“Pending ERC petitions of Meralco, Davao Light and Power, Visayas Electric Co., and other distribution utilities (including 119 electric cooperatives); transition supply contracts between distribution corporations and/or Napocor and the privatized generating firms end(ing) in 2011 (that) are up for renewal… (noting that since) these generating companies are defined under the Epira as not being utilities, and therefore not subject to a 12-percent ceiling on (their rates of return)… the end result is that… generation charges will zoom up with their new contracts; transition supply contracts of independent power producers (IPP)… selling through an IPP Administrator (salesman or middleman) end(ing) in 2011… will bring up generation charges (with new IPP contracts); the proposed Renewable Energy program with its feed-in tariff would tie the country up to immature, unreliable and expensive power that would entail an additional P0.1256/kWh; the Supreme Court case on the illegal dismissal of Napocor workers that will net back wages of up to P48 billion…”
Louie adds: “Every one centavo per kWh increase represents P657,000,000 per annum (based on current demand of 7,300 megawatts); one centavo/kWh of power increase means 40 percent or P263,000,000 taken away, which should be food for the poor (based on lifeline rates); (while) 10 percent (of it) or P118,000 represents educational costs, medicine, transportation or house rentals.”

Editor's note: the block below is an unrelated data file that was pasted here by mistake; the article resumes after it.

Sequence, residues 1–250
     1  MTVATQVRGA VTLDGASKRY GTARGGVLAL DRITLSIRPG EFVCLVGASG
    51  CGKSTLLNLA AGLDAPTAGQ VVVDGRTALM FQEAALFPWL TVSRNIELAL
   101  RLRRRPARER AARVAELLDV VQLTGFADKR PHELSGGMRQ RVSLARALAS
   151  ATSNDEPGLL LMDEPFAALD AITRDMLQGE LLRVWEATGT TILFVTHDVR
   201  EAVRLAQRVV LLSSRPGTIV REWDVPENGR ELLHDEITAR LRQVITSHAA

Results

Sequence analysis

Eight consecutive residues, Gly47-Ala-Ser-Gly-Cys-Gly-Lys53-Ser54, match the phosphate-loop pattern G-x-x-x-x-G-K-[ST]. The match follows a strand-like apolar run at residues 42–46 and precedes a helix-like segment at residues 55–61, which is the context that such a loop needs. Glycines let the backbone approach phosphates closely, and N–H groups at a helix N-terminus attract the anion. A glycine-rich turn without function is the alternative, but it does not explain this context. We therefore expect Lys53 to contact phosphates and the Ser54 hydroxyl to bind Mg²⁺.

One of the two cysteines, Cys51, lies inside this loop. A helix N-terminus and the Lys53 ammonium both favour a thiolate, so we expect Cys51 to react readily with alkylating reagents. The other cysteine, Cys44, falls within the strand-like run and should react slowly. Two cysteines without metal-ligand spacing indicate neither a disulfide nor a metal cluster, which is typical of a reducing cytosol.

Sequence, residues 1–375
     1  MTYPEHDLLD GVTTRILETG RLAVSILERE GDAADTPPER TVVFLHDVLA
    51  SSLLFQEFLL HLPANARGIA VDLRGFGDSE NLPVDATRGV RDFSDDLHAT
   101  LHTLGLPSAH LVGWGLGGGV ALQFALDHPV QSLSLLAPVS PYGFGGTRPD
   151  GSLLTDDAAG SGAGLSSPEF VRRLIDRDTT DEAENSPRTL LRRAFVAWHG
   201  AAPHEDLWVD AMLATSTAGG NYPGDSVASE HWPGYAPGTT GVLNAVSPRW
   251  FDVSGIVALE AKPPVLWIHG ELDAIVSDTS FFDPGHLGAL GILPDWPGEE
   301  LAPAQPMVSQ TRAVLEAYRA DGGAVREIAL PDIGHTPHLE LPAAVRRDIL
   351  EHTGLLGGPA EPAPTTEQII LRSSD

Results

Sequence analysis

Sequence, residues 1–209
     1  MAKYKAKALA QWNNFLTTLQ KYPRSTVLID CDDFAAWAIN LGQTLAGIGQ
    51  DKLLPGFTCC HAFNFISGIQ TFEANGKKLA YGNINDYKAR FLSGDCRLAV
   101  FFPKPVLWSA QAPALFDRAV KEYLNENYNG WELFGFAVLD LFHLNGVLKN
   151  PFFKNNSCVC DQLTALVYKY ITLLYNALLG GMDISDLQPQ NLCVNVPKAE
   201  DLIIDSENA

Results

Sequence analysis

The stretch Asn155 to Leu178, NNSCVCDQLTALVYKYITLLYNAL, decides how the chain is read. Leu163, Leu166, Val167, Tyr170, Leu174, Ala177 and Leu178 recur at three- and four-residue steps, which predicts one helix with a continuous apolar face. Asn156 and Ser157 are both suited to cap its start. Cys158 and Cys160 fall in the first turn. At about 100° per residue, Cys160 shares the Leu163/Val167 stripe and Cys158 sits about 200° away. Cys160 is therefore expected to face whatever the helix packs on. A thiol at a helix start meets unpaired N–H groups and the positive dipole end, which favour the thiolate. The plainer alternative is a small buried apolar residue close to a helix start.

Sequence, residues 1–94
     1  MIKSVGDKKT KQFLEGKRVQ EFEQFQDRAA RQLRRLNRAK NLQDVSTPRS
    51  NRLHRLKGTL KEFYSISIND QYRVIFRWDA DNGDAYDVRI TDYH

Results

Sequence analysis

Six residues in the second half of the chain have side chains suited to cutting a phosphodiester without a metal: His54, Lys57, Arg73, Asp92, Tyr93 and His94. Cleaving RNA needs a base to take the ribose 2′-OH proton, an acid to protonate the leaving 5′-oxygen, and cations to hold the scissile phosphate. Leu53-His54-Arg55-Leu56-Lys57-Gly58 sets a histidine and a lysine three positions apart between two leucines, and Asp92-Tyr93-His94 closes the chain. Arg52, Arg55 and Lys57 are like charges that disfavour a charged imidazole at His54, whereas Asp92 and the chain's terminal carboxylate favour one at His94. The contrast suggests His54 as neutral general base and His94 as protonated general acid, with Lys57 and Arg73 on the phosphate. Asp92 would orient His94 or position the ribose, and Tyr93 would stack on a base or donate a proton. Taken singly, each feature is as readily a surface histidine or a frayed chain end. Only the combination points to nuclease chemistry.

There are many, many more alerts issued by Louie that we will have to include in our next columns. But there is an important one that we must highlight right now: The much-vaunted full “open access,” which the DoE and ERC keep claiming will bring down rates, but which may instead cause rates to rise as large scale commercial/industrial consumers like giant malls and the like set up their own power plants, causing Meralco and its ilk to compensate for lost revenues by filing petitions for more rate hikes. At this point, only fools won’t see that these are the unintended consequences of an ill-thought-out, greed-motivated, corruption-tainted privatization law.

(Tune in to 1098AM, dwAD, Sulo ng Pilipino/Radyo OpinYon, Monday to Friday, 5 to 6 p.m.; watch Destiny Cable GNN’s HTL edition of Talk News TV, Saturdays, 8:15 to 9 p.m., with replay at 11:15 p.m., for constant updates on “The power thunderbolts to hit;” visit http://newkatipunero.blogspot.com for our articles plus TV and radio archives)

(Reprinted with permission from Mr. Herman Tiu-Laurel)


SourceThe Daily Tribune

URL: http://www.tribuneonline.org/commentary/20120423com5.html